US senators demand Paris deal gets Senate vote regardless of legal form

Published 05:50 on November 20, 2015  /  Last updated at 22:43 on November 20, 2015  /  Americas, Climate Talks, International, US  /  No Comments

Two Republican and one Democrat senators on Thursday introduced a resolution demanding that any outcome from the UN climate summit in Paris, regardless of legal form, must be put to a Senate vote.

Two Republican and one Democrat senators on Thursday introduced a resolution demanding that any outcome from the UN climate summit in Paris, regardless of legal form, must be put to a Senate vote.

The resolution was put forward by senators Joe Manchin (D-WV), Jim Inhofe (R-OK) and Roy Blunt (R-MO), and intended to block a new international climate deal if it put US industry to a disadvantage to that of developing countries.

“The international community needs to be aware that U.S. Congress and the American people do not support President Obama’s international climate agenda,” said Inhofe, the chairman of the Senate Committee on Environment and Public Works, well known for his years of opposing climate change policies.

The resolution came after Secretary of State John Kerry last week said the Paris deal would not be legally binding, generally seen to reflect the Obama Administration’s need to implement the new agreement without having to pass it through its Republican-dominated legislature, which would block it.

It said that “it is the sense of the Senate that any protocol, amendment, extension, or other agreement relating to the United Nations Framework Convention on Climate Change … shall have no force or effect in the United States and no funds shall be authorized in support of that protocol, amendment, extension, or other agreement, including for the Green Climate Fund, until that protocol, amendment, extension, or other agreement has been submitted to Senate for advice and consent”.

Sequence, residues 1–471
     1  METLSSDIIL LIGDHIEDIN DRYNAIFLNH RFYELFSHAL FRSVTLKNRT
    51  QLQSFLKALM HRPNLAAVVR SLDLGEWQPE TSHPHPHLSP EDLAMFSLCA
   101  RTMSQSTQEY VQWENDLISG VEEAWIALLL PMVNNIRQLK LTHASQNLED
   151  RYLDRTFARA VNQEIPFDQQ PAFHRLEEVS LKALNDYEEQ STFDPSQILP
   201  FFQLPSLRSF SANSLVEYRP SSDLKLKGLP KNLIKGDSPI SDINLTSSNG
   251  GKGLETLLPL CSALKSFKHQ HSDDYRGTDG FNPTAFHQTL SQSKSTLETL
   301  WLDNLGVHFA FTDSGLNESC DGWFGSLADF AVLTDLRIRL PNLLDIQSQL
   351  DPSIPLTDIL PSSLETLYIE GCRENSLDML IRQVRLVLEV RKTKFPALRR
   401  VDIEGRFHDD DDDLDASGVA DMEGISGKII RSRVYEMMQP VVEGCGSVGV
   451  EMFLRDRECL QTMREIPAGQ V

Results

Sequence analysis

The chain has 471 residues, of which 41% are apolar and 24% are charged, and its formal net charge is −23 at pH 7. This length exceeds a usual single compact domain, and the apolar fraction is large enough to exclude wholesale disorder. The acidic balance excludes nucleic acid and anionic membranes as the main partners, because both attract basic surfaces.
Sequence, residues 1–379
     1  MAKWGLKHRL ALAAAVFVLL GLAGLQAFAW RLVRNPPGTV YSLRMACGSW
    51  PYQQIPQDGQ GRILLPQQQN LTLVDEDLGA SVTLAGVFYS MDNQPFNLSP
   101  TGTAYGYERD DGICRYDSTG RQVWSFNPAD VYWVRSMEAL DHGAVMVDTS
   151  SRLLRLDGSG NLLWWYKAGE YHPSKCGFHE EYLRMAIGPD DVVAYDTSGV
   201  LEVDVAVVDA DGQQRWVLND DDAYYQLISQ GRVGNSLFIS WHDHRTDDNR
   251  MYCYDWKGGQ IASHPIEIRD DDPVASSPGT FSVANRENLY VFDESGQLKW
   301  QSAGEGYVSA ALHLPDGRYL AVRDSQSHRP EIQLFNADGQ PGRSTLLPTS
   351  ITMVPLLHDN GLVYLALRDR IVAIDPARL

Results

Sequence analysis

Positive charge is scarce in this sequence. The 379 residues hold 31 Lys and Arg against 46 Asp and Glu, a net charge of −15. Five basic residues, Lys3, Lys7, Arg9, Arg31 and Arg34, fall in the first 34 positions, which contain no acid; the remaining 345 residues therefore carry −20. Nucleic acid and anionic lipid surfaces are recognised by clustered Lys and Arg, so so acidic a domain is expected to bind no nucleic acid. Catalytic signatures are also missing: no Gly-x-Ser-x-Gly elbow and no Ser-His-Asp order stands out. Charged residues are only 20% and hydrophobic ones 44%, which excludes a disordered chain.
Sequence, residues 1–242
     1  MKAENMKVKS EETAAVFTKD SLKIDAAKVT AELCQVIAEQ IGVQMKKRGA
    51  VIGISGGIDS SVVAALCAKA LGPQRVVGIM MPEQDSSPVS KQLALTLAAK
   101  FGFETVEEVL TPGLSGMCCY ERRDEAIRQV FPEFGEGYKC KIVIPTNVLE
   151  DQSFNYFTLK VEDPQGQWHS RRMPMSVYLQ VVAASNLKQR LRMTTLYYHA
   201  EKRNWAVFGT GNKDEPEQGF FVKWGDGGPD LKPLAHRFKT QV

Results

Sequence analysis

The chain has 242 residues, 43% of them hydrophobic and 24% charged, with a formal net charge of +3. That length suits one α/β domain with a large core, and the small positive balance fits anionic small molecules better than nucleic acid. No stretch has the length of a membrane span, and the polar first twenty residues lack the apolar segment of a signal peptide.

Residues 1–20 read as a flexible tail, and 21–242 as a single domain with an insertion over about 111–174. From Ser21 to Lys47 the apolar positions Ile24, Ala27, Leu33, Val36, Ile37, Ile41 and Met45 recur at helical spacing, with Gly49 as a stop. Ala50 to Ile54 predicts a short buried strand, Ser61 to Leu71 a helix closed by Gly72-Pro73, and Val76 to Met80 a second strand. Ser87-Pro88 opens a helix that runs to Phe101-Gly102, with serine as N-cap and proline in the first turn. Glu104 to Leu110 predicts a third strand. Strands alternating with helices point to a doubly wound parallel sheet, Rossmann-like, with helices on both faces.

Regardless of legal form, the deal would have to go through Senate if it was found that:

– mitigation commitments put US industry at a disadvantage compared to those of developing countries;
– it includes financial commitments that would not go into effect without legislation or authorisation by Congress;
– it represents an agreement to be overseen by an international administrative entity covering a wide range of topics, including mitigation, adaptation, finance, technology transfer, capacity building, transparency, implementation, and compliance; or
– it establishes a mechanism to assess contributions or commitments for future compliance.

Any Paris deal is almost certain to include at least the last two of those four elements.

When publishing the resolution, the three senators echoed the same objections they have against the Clean Power Plan, that the Obama administration is over-reaching.

“President Obama has shown a total disregard for the limits of his authority and the interests of the American people when it comes to pushing his politically-driven climate agenda,” Blunt said.

“This Administration should not be able to unilaterally put American businesses at a disadvantage in the global economy by enacting unattainable and unproven mandates. The Senate must approve those agreements before they are enforced upon our people,” added Manchin.”

By Stian Reklev – stian@carbon-pulse.com

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